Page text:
FIG. 8 shows a relationship between the precision limit and the noise level. In FIG. 8, σθσφ represent the standard deviations of θminφmin, respectively. (θmin, φmin) is a mean value of (θmin, φmin) and is referred to as <mean evaluation position>. On the assumption that the mean value δmean shown in FIG. 8 is a deviation of (θmin, φmin) from (θtrue, φtrue), following equation (20) is set. δ mean ( Θ _ min - Θ true ) 2 + ( Φ _ min - Φ true ) 2 ( 20 )

Equation 20 shows the measure of the bias of the evaluated values.

Thirty two calculations of (Θmin, φmin) are repeated for each noise level to calculate σΘ, σφ and δmean. Namely, σΘ and σφ are both proportional to the noise level or the standard deviation of the noise.

The results obtained when 13 measurements of the Doppler coefficients were carried out in a measurement distance of [φ1, φ13]=[−3, 3] are shown in FIG. 9. The satellite 100 passed the measurement distance in 98 seconds. In this case, the sampling number N=13 was larger than that in the previous case but the distribution of the sampling points is limited to a narrow area. Moreover, similar to δmean, the values of σθ and σφ are larger than those in FIG. 8.

According to the method of the present invention, a change in Δ can be ignored during the position measuring operation. However, In the actual measurement, a change inevitably occurs. In a precise simulation of the measurement, the measurement is influenced by change. To obtain the result shown in FIG. 8, Δ was linearly increased by 10−9 during the movement of satellite 100 in the distance [−5, 5]. The results thereof are shown in FIG. 10. In FIG. 10, σθ and σφ are almost identical to those in FIG. 8, but δmean is considerably greater than that shown in FIG. 10. This means that the minimum position (θmin, φmin) in connection with the proximity function caused the evaluation of the position of the signal source 200 to be deviated if Δ changes during the measurement of the position. The larger the change of Δ, the greater the deviation of the evaluation.

As can be understood from the above discussion, according to the position measuring satellite system of the present invention, it can be seen from FIGS. 8 and 9 that if the period of time in which the whale appears on the sea surface is extremely short, the measurement interval is shortened, so that the position measurement error of the signal source 200 is increased. However, according to the whale's general behavior, the whale dives in the sea and thereafter rises to the sea in a few minutes at a point not far from the diving point. If the rising point is out the measurement range, the measurement distance [φ1, φN] is increased, but the Doppler coefficient is measured again, In any event, if the range of (φN−φ1) is not similar than 10, and the standard deviation of the noise is not greater than 10−9, the position measurement errors σθ and σφ of the signal source 200 are less than 5 mdeg=500 m, as shown in FIG. 8, and are comparable to the prior art (e.g., Argos [3]).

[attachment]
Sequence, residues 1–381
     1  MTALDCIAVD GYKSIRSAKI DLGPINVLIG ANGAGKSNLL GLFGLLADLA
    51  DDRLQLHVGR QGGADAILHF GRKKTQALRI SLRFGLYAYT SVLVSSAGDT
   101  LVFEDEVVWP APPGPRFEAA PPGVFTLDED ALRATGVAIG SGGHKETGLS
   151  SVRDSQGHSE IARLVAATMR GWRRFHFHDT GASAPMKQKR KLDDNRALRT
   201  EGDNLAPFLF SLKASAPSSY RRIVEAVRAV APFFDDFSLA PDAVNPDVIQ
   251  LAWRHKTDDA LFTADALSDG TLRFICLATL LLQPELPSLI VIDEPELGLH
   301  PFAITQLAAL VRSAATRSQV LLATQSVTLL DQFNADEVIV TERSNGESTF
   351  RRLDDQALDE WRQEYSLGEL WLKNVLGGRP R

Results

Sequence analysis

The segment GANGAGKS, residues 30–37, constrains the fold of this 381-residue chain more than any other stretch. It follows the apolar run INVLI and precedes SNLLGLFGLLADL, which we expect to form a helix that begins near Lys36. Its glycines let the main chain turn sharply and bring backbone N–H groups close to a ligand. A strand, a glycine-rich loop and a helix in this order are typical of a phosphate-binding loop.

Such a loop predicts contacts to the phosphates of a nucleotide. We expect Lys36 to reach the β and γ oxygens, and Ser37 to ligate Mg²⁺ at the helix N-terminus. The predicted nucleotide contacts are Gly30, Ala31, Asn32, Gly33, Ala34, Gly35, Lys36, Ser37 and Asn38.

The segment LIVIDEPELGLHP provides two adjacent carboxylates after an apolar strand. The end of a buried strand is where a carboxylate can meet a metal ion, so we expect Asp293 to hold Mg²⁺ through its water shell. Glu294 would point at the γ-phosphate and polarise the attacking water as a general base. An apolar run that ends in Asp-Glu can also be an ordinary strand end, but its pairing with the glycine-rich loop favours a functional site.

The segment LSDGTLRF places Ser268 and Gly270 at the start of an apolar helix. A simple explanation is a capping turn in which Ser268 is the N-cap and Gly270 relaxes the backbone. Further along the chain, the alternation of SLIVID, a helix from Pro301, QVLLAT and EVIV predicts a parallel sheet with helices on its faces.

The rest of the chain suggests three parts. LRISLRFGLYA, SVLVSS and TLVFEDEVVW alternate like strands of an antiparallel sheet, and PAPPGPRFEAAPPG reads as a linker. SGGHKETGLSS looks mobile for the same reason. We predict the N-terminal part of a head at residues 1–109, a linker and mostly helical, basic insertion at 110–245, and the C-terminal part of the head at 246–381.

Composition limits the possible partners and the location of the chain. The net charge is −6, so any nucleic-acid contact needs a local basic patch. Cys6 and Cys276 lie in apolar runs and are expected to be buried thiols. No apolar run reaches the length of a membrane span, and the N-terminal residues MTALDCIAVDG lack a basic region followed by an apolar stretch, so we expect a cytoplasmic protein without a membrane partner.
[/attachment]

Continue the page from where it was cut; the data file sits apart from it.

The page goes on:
As can be understood from the foregoing, according to the position measuring satellite system of the present invention, since the signal source is only required to emit the signal radio wave, it is possible to measure the position of an animal even if it appears on the sea surface within a very short space of time, such as a whale, by emitting the signal radio wave for a time long enough to specify the position of the signal source. Moreover, if the satellite moves along a polar orbit, it is possible to cover the overall surface of the earth by a single base station.

According to the above description, the signal radio wave emitted from the signal source is received to measure the frequency thereof; the position of the satellite is precisely measured by the GPS receiver provided on the satellite; the measurement data is stored in the memory; the stored data is transmitted to the apparatus on the earth; and the position of the signal source is measured by the apparatus on the earth. Moreover, since the signal source is only required to emit the signal radio wave, the signal source can be made small and light, so that the service life of the batteries can be prolonged, whereby the measurement can be carried out for a long time.

Obvious changes may be made in the specific embodiments of the present invention described herein, such modifications being within the spirit and scope of the invention claimed. It is indicated that all matter contained herein is illustrative and does not limit the scope of the present invention.

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US8369184 *Jan 26, 2010Feb 5, 2013Shotspotter, Inc.Systems and methods with improved three-dimensional source location processing including constraint of location solutions to a two-dimensional plane
US20080024365 *Jul 31, 2007Jan 31, 2008Holmes Kevin CPosition finding system and method used with an emergency beacon
US20100195445 *Jan 26, 2010Aug 5, 2010Calhoun Robert BSystems And Methods With Improved Three-Dimensional Source Location Processing Including Constraint Of Location Solutions To A Two-Dimensional Plane
Classifications
U.S. Classification342/357.2, 342/357.25
International ClassificationG01S5/00, G01S5/12, G01S5/02, G01S19/46, G01S19/14
Cooperative ClassificationG01S2205/002, G01S5/0027, G01S19/42, G01S5/12
European ClassificationG01S5/12, G01S5/00R1A